New drills, bits reduce HPHT well costs in Venezuela field

April 10, 2006
Turbodrills and diamond-impregnated drill bits have improved drilling metrics through hard, abrasive, allochthonous Mesozoic rocks overlying productive Miocene formations.

Turbodrills and diamond-impregnated drill bits have improved drilling metrics through hard, abrasive, allochthonous Mesozoic rocks overlying productive Miocene formations.

Drilling in the Bosque field in eastern Venezuela has long been costly and time-consuming. Many efforts have been undertaken over the years to minimize expenditures, with some limited success. Drilling operations in the Bosque field are impacted by the Aloctono block, a hard, abrasive faulted structure with large dips.

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The main characteristic of this area is an inverse fault trending north-south, called “Pirital’s landslide.” Drillers encounter numerous problems when drilling through this section, including wellbore instability, lost circulation, wellbore trajectory deviation due to the large structural dips, and low rates of penetration.

The extremely long 1214-in. section drilled through the Aloctono block sequence has continued to prove challenging for several reasons. Hard and abrasive formations slow drilling , and the high degree of faulting in the area compromises wellbore verticality.

These two factors result in millions of additional dollars for every well to correct deviation and in damaged tubulars. The 1214-in. section cost is more than half the total well cost. Therefore, any improvements made in this section will improve overall well economics.

This article focuses on drilling improvements that have addressed all the problems previously encountered through this section and how they helped to substantially reduce the cost/foot through the section, cost/foot for the total well, and reduced the time required to drill both the section and the well.


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The Bosque field is in the eastern basin of Venezuela, about 300 miles southeast of Caracas (Fig. 1) Wells in this field are drilled beyond 20,000 ft and must penetrate complex geologies. The main geologic feature of the region is an inverse fault trending north-south and thought to result from the Caribbean plate crashing into the South American plate during the Oligocene-Miocene period. This sequence of events pushed older rocks on top of younger rocks so that Cretaceous formations now overlie Miocene formations.

Within the Cretaceous formations is the Aloctono block, a thick sequence of sandstone, shale, limestone, and limolite (water-laid sediments) that can be more than 12,000 ft thick. Drilling characteristics in this formation sequence include low ROPs, wellbore instability, and wellbore deviation problems due to the step faulting structures.1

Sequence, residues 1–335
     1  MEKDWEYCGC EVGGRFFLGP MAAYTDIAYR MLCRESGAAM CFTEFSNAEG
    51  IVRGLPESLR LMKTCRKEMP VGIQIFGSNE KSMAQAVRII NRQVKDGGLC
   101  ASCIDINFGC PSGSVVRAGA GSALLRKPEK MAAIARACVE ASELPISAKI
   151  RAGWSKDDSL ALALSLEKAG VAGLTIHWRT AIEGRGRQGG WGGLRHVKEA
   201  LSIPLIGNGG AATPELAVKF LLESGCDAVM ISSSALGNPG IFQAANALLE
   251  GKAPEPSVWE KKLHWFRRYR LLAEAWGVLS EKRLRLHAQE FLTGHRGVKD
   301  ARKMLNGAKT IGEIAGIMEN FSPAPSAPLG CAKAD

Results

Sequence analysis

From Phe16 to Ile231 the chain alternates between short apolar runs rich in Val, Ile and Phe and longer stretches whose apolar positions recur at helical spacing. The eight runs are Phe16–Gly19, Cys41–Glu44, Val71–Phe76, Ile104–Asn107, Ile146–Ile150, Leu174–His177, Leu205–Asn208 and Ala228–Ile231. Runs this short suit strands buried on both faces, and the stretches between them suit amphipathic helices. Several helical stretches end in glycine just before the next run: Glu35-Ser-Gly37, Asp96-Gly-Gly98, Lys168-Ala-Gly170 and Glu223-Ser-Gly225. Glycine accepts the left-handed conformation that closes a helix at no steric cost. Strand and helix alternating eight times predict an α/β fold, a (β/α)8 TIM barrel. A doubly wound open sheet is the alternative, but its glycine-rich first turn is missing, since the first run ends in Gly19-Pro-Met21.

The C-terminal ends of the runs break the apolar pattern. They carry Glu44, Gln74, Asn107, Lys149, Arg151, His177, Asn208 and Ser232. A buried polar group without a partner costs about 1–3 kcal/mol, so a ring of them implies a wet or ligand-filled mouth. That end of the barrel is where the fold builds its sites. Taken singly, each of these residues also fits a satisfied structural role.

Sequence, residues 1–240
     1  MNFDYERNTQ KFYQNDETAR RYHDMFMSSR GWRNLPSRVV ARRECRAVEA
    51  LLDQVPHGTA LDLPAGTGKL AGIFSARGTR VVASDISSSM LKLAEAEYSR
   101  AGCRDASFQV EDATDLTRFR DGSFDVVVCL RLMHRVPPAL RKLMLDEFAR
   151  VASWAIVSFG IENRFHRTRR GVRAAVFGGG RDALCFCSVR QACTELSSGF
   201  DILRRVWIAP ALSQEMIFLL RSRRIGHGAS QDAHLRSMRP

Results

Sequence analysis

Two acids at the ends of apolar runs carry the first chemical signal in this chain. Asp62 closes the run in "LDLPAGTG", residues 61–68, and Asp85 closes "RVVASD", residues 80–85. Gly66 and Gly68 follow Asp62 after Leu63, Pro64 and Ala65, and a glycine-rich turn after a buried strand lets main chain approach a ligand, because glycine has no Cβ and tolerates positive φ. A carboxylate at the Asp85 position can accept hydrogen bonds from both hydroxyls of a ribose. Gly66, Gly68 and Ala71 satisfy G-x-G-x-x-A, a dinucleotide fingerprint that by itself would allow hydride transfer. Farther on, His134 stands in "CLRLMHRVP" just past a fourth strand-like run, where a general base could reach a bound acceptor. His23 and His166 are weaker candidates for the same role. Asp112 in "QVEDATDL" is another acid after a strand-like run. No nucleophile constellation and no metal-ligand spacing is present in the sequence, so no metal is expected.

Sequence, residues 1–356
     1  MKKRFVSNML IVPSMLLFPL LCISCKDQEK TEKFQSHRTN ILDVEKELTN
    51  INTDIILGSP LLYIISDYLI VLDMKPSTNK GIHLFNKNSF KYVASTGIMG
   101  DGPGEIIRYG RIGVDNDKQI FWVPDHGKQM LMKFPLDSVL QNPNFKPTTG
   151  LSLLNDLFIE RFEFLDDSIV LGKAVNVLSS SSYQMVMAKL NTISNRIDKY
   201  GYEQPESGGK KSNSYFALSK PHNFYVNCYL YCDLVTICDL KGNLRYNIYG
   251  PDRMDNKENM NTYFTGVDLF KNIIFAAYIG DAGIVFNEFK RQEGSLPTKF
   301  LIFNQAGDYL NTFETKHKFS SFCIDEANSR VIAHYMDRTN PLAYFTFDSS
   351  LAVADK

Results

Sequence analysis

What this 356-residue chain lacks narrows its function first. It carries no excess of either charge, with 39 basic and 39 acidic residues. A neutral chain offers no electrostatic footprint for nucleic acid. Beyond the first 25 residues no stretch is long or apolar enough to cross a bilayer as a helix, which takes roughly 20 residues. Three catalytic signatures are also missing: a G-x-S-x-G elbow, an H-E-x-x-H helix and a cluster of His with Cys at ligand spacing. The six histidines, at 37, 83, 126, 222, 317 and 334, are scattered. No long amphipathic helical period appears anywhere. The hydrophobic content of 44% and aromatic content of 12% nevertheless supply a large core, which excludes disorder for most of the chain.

Typical wellbore construction consists of setting a 20-in. conductor string at about 1,000 ft. A 1712-in. hole is then drilled through the Morichito formation and 500-1,000 ft into the top of the Aloctono block. Then drillers set a string of 1338-in. casing to isolate the characteristically unstable and time-sensitive clays of the Morichito formation and to achieve enough formation integrity to drill the long, 1214-in. section that follows.

The Aloctono sequence is drilled with a 1214-in. hole to about 17,000 ft where 958-in. intermediate casing is run. This is followed by an 838-in. hole drilled through the over-pressured Carapita shale to about 20,000 ft and then a string of 758-in. casing is run.

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The production interval is drilled through the Naricual and San Juan sandstones with a 612-in. hole at about 21,500 ft then isolated with 512-in. casing. For the purpose of this article, the evaluation is limited to the 1214-in. hole section (Fig. 2).

The 1214-in. hole section, through the Aloctono block, is extremely long. In the 1990s, wellbore stability was addressed by exclusive use of oil-based muds (OBM) to drill the section, thus eliminating the water invasion that was creating instability. Penetration rates through this interval averaged 4-5 fph, at best.

Naturally, there have been numerous attempts over the years to improve the ROP. These attempts have included use of hammer bits and underbalanced drilling (UBD). Hammer bits did not show any increases in ROP and their reliability was problematic. UBD has been unsuccessful because the wellbore instability is exacerbated by underbalanced conditions.

To date, the most successful arrangement has been to drill conventionally with rotary and rock bits, interspersed with the use of positive-displacement motors (PDM) for deviation correction.

Maintaining verticality is also a problem when drilling the Aloctono block. There have been efforts to address this with BHA configuration, and while these efforts have produced less severe deviations in some instances, it has not alleviated the problem.

On recent wells, the verticality has been maintained within a 900-ft radius. The doglegs created through the section continue, however, to be costly and time consuming. These problems include damage to all the drillstring components and subsequent problems associated with getting the 958-in. liner to depth.

Additional issues include problems with the completion tubulars, which leads to costly workover and remedial operations. Therefore, maintaining verticality remains an area where improvements can be quantified.

Well execution, 10 runs